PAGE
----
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    Prof on US-India Trading Relations: There's Major Concern in India

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    US President Donald Trump said in a letter to Congress that the US would terminate India’s duty-free status after it had failed to provide the United States with access to its markets. Sputnik has discussed this with Srikanth Kondapalli, a professor in Chinese studies at Jawaharlal Nehru University in New Delhi, India.

    Sputnik: According to reports, India's commerce industry has indicated that India accepted the move. Why is that, from your point of view?

    Srikanth Kondapalli: As you know, most of the countries that have risen in the region, China, Japan, Korea, the ASEAN countries, have traded extensively with the United States. Because the 'flying geese' model of economic development has emphasised exports, export profits in zones where many of the multinational companies have established joint-venture companies and then started re-exporting. Now it's the turn of India to export to the United States. A former US secretary of state mentioned that India's trade with the US should rise to about $500 billion from the current level of over a hundred billion dollars. That is quite natural if India is exporting any manufactured goods, consumer durables or even raw materials.

    To that extent, I think there is the solution that India and the US need to do more trading, the current levels are pretty low as compared to the other trading partners. But the bilateral trade increase has been one of the major trust areas, in order to have economic interdependence, much like the Japanese, the Koreans, the Chinese, the ASEAN countries or the European countries have had in trade with the United States. India is maintaining over seven percent growth rate and this is quite natural, I think.

    Since we are starting from almost scratch, that is about $250 billion of overall exports and imports, which is not really much in the GDP figure; and the US, obviously, wants to have more of this share. The US understands that India needs to import more from the US. So, one of the things that has happened in the region is the shale gas resolution in the US, so LND exports are one of the items that the US is suggesting to India, and this is to bridge the trade deficit. [This is also] the alternative solution to not import more from Iran, where there is the nuclear deal that has now been questioned by the Trump administration.

    Sputnik: He has got a pattern of behaviour, Donald Trump, in terms of trying to realign exports and imports to affect, obviously positively, the GDP and the quality of life issues within America. Do you think he is being fair with India? Do you think he has got a specific point? What's your particular point of view?

    Srikanth Kondapalli: One of the crucial differences is the trade deficit. Unlike China, Japan, Korea, ASEAN, or the trans-Atlantic [partners], we don't have much of a trade deficit with the US — it's around $20-25 billion, which means we gain from trading with the US compared to over $300 billion from the Chinese or some other figures from Japan, Korea and ASEAN put together. So, we don't have much surpluses, although the $200-odd billion surplus is still being subjected for a pure business kind of relationship. So, that is a concern.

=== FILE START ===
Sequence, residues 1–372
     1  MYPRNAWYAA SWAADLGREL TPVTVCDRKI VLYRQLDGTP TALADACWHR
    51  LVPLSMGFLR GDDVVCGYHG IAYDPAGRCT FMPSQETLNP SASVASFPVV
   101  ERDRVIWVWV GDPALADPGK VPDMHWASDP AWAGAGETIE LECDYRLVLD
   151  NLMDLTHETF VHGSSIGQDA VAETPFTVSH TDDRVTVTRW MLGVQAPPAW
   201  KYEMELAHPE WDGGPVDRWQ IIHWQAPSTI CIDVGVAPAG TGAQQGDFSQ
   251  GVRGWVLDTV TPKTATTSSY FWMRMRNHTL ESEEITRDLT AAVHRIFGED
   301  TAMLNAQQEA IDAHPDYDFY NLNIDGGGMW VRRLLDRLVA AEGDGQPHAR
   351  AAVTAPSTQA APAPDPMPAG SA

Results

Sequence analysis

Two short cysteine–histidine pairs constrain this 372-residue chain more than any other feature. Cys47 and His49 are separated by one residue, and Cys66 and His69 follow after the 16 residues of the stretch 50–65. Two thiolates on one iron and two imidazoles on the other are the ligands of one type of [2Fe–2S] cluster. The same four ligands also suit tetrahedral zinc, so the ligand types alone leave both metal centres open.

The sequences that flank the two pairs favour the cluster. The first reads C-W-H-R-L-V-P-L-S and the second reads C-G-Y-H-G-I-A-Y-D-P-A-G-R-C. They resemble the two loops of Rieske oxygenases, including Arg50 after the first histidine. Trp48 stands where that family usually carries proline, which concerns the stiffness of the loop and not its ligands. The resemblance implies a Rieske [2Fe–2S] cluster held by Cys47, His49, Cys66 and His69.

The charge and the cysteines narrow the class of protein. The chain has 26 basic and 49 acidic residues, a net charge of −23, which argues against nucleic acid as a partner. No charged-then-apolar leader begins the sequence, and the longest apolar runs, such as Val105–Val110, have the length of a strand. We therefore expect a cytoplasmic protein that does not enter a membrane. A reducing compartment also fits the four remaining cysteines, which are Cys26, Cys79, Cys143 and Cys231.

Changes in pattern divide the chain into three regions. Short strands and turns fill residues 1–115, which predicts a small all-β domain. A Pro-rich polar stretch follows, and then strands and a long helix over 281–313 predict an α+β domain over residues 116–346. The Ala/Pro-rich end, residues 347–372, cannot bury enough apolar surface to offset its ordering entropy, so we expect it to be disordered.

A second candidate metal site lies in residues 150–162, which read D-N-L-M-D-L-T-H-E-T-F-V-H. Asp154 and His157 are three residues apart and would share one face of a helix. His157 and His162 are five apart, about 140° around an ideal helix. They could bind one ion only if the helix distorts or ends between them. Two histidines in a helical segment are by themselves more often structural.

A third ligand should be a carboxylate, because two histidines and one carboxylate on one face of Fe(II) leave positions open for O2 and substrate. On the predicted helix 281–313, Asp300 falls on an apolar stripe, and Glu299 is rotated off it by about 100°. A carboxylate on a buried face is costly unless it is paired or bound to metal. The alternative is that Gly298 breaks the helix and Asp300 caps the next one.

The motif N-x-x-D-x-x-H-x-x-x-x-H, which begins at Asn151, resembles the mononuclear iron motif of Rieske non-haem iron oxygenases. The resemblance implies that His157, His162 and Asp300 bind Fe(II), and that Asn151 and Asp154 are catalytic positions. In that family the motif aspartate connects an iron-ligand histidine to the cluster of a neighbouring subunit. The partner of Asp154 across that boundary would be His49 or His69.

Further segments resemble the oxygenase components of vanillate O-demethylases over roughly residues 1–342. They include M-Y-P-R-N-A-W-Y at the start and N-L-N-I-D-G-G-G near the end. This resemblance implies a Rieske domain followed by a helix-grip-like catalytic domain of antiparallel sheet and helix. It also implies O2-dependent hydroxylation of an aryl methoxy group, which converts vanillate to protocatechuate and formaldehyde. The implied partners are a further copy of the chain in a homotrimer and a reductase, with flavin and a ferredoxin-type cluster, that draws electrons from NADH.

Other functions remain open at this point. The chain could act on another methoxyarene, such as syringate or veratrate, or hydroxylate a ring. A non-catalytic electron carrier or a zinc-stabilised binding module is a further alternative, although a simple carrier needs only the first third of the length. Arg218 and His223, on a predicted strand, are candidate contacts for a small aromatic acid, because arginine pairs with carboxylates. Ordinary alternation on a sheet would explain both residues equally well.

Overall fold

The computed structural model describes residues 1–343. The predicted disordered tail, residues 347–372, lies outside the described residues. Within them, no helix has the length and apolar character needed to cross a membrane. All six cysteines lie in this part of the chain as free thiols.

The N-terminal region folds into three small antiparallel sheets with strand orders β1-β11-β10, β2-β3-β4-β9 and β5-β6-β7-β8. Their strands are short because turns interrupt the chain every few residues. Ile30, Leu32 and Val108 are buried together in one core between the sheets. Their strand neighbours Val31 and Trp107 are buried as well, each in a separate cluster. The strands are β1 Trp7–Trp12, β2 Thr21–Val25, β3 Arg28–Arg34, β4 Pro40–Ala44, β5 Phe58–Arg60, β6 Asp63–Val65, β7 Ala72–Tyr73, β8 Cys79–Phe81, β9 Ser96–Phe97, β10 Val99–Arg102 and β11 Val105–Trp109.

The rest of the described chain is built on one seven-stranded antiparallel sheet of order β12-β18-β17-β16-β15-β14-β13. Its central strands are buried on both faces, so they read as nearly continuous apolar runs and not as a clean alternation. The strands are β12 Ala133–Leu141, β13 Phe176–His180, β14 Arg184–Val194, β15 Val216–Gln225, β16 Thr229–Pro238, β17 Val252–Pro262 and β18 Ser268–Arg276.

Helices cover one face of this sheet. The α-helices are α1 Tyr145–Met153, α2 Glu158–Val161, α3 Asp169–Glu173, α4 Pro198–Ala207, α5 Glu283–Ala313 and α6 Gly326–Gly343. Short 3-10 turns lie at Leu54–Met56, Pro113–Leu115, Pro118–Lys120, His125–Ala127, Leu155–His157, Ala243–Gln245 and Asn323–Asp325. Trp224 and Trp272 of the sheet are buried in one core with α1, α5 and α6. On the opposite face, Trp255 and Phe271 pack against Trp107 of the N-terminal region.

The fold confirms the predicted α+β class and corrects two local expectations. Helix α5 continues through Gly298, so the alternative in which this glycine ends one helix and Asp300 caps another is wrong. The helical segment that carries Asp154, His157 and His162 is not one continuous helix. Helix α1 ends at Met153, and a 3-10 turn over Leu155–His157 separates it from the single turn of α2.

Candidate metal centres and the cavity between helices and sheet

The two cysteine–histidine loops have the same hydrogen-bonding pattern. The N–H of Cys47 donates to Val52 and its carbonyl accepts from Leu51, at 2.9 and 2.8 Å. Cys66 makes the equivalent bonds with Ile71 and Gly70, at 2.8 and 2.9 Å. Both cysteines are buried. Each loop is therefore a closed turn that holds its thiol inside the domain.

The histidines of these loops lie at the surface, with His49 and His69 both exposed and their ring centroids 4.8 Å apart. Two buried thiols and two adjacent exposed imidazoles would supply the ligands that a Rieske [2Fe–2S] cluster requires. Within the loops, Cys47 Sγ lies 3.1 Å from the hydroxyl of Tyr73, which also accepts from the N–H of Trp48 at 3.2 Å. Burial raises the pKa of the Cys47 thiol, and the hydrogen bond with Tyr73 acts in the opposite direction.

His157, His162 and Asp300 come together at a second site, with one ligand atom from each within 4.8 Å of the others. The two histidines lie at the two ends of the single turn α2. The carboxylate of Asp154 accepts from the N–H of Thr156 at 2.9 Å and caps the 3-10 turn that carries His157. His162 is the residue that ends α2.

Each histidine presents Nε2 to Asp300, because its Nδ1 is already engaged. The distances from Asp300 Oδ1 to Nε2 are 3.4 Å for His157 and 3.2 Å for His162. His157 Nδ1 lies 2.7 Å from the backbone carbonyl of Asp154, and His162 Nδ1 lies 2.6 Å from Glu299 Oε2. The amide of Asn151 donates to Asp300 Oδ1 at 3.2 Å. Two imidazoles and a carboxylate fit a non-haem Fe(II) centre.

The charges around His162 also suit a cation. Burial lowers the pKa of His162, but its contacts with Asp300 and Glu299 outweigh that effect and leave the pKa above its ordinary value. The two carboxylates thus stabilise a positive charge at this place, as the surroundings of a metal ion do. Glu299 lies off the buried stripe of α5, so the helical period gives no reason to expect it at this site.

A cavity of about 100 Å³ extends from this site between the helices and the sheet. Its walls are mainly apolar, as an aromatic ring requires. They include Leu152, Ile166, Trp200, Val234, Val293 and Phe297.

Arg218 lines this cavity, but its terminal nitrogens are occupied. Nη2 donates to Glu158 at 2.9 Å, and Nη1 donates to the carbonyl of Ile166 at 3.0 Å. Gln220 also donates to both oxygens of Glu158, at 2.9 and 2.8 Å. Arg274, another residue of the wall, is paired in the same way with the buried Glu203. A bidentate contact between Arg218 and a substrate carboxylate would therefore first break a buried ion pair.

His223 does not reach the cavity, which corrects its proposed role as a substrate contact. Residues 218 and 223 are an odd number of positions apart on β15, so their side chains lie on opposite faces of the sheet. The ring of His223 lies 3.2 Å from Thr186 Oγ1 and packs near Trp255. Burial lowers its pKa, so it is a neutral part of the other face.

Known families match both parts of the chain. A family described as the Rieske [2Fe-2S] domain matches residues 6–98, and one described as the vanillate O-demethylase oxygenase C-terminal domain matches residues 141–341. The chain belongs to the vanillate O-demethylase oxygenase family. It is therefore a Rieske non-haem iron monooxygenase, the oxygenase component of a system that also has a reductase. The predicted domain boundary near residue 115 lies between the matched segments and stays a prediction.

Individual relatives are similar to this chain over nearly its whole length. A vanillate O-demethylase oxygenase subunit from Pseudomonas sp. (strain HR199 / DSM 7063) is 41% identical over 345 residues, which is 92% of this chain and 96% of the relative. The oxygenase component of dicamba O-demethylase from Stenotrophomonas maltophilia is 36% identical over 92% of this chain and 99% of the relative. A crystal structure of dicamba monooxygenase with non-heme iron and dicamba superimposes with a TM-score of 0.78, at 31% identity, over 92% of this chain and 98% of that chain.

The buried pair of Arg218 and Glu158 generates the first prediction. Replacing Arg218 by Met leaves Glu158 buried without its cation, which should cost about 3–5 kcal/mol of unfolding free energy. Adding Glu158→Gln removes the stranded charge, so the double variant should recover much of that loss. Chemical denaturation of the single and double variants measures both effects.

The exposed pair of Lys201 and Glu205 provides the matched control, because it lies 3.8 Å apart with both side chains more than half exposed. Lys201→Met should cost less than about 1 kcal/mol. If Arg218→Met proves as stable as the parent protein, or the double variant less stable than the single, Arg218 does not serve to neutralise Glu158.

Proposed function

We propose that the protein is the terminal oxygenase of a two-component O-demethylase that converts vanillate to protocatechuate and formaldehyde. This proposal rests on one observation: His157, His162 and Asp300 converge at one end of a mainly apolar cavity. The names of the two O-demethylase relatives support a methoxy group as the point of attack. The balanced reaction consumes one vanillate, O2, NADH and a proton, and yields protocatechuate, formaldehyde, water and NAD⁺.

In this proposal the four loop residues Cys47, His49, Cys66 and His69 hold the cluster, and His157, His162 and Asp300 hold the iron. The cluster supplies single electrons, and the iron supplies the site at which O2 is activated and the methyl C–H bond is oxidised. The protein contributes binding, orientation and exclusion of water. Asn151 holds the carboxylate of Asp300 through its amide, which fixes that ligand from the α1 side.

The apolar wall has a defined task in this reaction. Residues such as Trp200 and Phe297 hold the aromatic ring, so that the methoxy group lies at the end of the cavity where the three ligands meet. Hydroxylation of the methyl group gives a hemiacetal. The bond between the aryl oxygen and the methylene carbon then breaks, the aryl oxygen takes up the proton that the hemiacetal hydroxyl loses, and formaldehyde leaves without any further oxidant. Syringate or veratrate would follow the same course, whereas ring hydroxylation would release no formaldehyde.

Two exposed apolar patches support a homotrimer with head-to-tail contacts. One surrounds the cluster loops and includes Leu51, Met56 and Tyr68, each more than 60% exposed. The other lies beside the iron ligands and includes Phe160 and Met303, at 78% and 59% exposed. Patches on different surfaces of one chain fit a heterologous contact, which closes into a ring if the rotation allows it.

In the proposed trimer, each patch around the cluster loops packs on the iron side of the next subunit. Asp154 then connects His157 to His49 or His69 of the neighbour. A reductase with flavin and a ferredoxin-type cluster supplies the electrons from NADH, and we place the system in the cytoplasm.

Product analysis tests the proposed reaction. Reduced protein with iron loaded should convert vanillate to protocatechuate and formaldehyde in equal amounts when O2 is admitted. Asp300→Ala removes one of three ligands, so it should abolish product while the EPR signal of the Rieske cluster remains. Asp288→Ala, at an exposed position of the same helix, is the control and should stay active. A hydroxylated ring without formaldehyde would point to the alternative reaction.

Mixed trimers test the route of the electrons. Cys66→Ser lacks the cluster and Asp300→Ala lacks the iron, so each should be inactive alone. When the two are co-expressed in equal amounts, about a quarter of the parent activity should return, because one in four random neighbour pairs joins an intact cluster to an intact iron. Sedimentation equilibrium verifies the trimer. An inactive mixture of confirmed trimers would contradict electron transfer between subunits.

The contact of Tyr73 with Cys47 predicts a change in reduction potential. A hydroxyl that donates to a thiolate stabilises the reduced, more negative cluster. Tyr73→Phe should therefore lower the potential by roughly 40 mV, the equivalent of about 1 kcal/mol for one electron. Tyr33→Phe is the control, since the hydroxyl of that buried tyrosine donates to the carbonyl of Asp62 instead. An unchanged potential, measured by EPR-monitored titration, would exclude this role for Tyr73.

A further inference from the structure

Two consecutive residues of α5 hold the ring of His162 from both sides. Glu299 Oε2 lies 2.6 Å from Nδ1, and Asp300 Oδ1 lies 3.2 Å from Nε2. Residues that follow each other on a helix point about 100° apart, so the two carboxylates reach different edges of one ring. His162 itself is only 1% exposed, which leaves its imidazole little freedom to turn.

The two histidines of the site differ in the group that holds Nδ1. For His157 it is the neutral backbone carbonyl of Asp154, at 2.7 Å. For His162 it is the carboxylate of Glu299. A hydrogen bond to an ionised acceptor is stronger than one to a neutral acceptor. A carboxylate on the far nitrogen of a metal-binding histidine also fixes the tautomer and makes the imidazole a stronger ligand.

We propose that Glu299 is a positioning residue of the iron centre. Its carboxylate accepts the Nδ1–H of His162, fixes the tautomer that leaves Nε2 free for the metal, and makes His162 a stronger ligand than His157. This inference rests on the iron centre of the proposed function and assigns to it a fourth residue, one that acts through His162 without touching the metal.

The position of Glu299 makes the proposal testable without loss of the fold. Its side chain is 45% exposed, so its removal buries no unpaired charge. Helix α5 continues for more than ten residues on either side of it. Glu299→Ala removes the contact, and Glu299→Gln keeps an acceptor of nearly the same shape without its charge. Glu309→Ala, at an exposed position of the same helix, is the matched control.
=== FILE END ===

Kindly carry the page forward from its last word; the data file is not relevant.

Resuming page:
READ MORE: India Doesn't Have Same Bargaining Power With US as China — Indian Economist

    Sputnik: The US President has been pushing a rather hard rhetoric against China and India; we understand this strategy. In your view, is this going to lead to closer cooperation between the two Asian giants?

    Srikanth Kondapalli: Indeed, there is concern both in China and in India, they both have made a common plan in the G20, in the BRICS meetings, in the RNC [Russia-India-China triangle] as well as in the WTO negotiations. So, there is a concern and China and India are getting together in terms of countering what they see as trade protectionist trends and, secondly, restrictions in terms of investments. The World Bank Chief has suggested that global investors are sitting on something like $4 trillion and they are not investing in the emerging nations like the BRICS. There is also a concern not just about trade, that is, the tariff increases, but also the investment profile. Prime Minister Modi and President Xi Jinping addressed the Davos meeting, and the common theme in their speeches was to counter trade protectionist trends.

    READ MORE: Expert on US Terminating Duty-Free Status: Tool to Keep Ankara Under Pressure

    Sputnik: The US is India's top export destination. What impact can this have on India's economy now and what measures can India take, if any, to reduce the damage this can cause?

    Srikanth Kondapalli: This is still not clear, how things will unfold between the US and India, but there is, obviously, a major concern in India about the trading relations. Although we aren't on the very high scale of differences with the US, because the US has bigger trading partners like the European Union, China, Japan and Korea, so, we are not high on the radar screen of the US in terms of the trade tariffs and so on.

    Having said that, it does hit the Indian economy, if you have a lot of trade protectionist trends. So, there is the Indian Prime Minister's suggestion that the US should be much more open to the Indian products, especially as we are speaking of the growth rates. The US is walking away from the TPP [Trans-Pacific Partnership] and the expectation is that a de-globalisation, in fact, is happening, which is bad news for India or other countries which are just emerging based on exports and imports.

    The views expressed in this article are those of the speaker and do not necessarily reflect those of Sputnik.

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